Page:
Parasite won the Palme d’Or at the 2019 Cannes Film Festival. And it won a stack of awards at the Academy Awards. Best Picture. Best Director. Best Screenplay. In other words it was a critical and a box-office success. It made money.
This is a film about money and class. But when we talk about theme we sometimes get lost and wander away from the main purpose of a film (and often a book) which is entertainment. I hooted with laughter and had those moments when I cringed. In other words, I was hooked and wanted to see what happened next.
As working class I identified with the Kim family. Being bottom of the pile isn’t some metaphorical concern for the Kim family. They live in a sub-basement in South Korea. Most of us don’t really know what that is. It’s below ground. But not in that fancy way the rich in some parts of Kensington, London, for example, are burrowing to create carparks and swimming pools and tennis courts that are carefully modulated by air filters and heating. Below ground in the way domiciled servants used to live, hidden away from the main house. The highest part of the Kim family home is the toilet pan. Park So-dam as Kim Ki-jung (Jessica) and her brother Choi Woo-shik as Kim Ki-woo (Kevin) scramble up on the toilet pan to try and—fail—to get a signal for their phones, at below pavement level. Song Kang-ho as Kim Ki-taek (Mr Kim) and his wife Ang Hye-jin as Chung-sook are watching a video on their phone about how to fold and pack takeaway boxes. While the woman onscreen makes it look easy. They have less success. But with all the family helping, they figure they’ll make enough money to eat. A drunken man comes and pees against the bins above them and against their ‘window’. The Kim family are below shit level and being peed upon.
The metaphorical becomes played out in the film’s denouement to great effect. Shit travels downward.
Meanwhile, Lee Sun-kyun as Park Dong-ik (Nathan) father of the Pak family and business executive lives on the top of a steep hill. He has all the markers of wealth. But he has inherited the live-in housekeeper of Namgoong, the architect and previous owner of the house. The housekeeper, Lee Jung-eun as Gook Moon-gwang is competent and suitably deferential. Park Dong-ik tells his wife Cho Yeo-jeong as Choi Yeon-gyo there’s a line between being deferential and being over-familiar that he would never allow his employees to cross. He’s the boss and they should know their place. Choi Yeon-gyo certainly does. She knows her husband is in charge. But with her housekeeper, she’s in charge of domestic matters and taking care of their son and daughter. Jung Ji-so as Park Da-hye is also a deferential daughter, with a closeted and controlled life. Jung Hyeon-jun as Park Da-song is the spoiled baby of the family, with an obsession with North American Indians.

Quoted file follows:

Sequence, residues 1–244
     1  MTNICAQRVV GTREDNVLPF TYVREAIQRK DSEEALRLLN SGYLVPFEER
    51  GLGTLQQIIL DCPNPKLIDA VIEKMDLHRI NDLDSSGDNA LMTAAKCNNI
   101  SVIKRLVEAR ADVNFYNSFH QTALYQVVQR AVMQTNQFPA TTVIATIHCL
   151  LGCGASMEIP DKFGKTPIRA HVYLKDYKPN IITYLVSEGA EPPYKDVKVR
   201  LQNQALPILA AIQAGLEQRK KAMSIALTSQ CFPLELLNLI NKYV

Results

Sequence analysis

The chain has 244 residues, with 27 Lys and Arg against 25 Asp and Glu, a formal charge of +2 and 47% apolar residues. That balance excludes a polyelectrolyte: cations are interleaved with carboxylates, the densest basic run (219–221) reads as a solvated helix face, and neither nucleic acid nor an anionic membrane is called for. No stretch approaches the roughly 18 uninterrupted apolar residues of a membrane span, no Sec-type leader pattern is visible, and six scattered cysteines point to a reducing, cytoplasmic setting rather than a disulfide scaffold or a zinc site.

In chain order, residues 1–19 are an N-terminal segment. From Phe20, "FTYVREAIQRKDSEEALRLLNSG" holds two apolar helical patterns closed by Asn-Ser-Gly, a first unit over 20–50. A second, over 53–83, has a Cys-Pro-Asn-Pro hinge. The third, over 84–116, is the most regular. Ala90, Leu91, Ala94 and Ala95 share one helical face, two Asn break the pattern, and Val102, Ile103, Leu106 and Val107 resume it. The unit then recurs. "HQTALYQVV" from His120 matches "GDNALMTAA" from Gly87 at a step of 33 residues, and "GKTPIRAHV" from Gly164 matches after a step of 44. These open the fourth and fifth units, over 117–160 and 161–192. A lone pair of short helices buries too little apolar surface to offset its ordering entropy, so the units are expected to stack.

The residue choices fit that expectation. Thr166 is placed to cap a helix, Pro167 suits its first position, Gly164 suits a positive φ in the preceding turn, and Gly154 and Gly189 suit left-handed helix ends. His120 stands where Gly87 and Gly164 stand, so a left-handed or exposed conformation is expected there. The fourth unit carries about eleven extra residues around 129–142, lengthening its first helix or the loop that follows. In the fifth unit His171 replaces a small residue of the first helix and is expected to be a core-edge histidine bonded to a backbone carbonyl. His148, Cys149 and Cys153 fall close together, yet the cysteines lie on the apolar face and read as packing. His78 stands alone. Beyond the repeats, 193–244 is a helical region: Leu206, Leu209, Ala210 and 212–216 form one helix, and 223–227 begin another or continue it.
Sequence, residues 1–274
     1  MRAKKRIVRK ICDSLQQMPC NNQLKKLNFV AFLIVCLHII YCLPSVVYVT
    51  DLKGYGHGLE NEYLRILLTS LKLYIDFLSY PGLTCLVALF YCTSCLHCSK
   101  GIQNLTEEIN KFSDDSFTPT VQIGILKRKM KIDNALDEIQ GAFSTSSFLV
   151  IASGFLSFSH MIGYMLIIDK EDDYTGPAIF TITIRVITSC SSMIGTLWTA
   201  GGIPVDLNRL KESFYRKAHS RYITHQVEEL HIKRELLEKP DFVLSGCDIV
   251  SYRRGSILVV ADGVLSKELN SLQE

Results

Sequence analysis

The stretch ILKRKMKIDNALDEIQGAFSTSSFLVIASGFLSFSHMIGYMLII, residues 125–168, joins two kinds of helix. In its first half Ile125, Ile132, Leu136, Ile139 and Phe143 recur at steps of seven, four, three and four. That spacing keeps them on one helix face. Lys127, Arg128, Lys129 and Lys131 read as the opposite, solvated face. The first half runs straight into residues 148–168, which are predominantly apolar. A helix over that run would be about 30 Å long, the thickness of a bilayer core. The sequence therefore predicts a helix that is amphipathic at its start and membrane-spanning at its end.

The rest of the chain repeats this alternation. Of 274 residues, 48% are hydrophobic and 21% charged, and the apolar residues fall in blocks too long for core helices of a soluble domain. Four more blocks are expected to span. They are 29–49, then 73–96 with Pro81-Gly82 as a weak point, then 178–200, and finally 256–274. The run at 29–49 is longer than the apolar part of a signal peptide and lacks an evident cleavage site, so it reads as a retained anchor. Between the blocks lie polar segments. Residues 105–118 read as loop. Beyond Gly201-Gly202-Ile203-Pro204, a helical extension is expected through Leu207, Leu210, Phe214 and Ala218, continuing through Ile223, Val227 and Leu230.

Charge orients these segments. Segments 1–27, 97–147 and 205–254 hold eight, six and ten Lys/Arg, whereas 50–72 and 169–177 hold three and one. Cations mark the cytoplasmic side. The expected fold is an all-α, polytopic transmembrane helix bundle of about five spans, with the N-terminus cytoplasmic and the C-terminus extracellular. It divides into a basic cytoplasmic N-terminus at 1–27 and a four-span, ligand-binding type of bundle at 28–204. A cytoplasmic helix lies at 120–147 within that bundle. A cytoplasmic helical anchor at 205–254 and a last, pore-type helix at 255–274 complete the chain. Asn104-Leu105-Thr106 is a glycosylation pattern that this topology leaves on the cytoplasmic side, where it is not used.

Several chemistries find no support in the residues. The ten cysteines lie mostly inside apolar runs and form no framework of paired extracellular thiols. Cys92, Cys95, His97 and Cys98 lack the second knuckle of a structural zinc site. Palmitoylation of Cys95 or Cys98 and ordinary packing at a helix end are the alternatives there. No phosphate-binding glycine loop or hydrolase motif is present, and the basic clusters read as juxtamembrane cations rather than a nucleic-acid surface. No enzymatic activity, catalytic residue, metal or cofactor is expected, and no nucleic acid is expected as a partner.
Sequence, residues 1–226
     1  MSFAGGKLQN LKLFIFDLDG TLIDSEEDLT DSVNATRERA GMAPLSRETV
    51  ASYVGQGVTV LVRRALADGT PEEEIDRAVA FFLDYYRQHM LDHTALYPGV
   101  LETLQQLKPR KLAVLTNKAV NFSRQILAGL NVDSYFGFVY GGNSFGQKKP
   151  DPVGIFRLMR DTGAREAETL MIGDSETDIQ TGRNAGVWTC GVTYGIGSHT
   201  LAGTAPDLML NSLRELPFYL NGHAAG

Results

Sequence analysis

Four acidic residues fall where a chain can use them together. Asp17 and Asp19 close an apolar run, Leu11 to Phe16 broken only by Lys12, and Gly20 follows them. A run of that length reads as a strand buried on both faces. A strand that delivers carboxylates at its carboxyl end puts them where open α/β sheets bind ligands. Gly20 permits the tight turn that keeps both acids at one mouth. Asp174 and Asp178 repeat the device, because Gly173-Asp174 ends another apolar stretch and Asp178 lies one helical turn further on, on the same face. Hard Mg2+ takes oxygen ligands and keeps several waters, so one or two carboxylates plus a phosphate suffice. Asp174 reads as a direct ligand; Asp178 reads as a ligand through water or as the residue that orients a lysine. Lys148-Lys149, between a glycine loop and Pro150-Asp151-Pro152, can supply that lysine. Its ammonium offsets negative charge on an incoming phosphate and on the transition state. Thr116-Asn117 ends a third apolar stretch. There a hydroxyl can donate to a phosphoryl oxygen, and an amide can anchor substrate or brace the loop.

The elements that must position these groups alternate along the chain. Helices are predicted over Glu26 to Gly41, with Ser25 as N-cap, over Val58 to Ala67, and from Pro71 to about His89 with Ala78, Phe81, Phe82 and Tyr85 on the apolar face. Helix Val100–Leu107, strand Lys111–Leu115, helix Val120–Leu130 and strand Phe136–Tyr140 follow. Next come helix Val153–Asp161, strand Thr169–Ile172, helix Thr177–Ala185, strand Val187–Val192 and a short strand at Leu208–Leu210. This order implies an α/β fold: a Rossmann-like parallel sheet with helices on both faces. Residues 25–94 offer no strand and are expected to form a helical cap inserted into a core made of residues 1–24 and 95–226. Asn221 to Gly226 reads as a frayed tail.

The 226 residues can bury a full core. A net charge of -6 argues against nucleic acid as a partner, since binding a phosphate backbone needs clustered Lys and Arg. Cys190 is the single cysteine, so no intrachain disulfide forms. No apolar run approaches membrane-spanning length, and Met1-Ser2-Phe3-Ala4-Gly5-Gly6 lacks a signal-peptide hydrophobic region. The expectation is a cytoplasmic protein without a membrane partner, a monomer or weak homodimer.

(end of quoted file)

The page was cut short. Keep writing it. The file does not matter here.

There is grass outside to set up a tent and trees. There is also a bunker room built below the house big enough to contain the basement housing and street the Kim family are crammed into.
The two families mirror each other, but the distance between them is so vast that it would easier to travel from North Korea to South Korea.
How the Kim family gets inside the walls and protectorate of wealth is beautifully worked and quite simple. They fake it. And as an audience we want the plucky Kim family to succeed.
Kim Ki-woo makes the first breach in the wall. He is recommended to the family by Park Seo-joon as Min-hyuk, a friend, and Da-hye’s English tutor, who is going to study abroad. His sister helps him to Photoshop some suitable accretions. He poses as a Yonsei University student, and is hired as a replacement English tutor, and dubbed ‘Kevin’ by the Park family after Choi Yeon-gyo sit in on their first lesson.
His sister follows the same route. When ‘Kevin’ overhears Choi Yeon-gyo speaking about being unable to get a suitable art therapist for her genius of a son, he respectively suggests that he might know. Kim Ki-jung (Jessica) ‘an art student of Illinois State University’ might be free, but she’d need to come and interview them.
With the Kim brother and sister inside the house they have more leverage, and find ways to oust the chauffer and housekeeper and replace them with their dad and mum. The Kim family have gone from being unemployed and unable to pay their phone bills or eat to being in full employment at rates of pay they could only imagine. A new equilibrium has been reached, but everybody is faking it.
So far so good, becomes so far so bad, when the Pak family go on a suitably high-class camping holiday. Gook Moon-gwang buzzes the door just when the Kim family are relaxing in their new ‘home’, spilling drinks, smashing glasses and behaving uproariously. The old housekeeper asks to get in claiming she’s left something in the basement she has to pick up. She knows the master and mistress are away, but claims it won’t take her long. Letting her into the house changes everything again.
Appearances need to be kept up, when Choi Yeon-gyo phones home and tells the new housekeeper that the camping trip has been a wash out and there’ll be there in eight minutes, and demands a cooked meal, the clock is ticking.
Drama and comedy combine. Every scene adds to and fits in the other like a Babushka doll. There is no one denouement, but a series of denouements. Superbly crafted and a joy to watch. The question remains who are the parasites and for what reason? Discuss.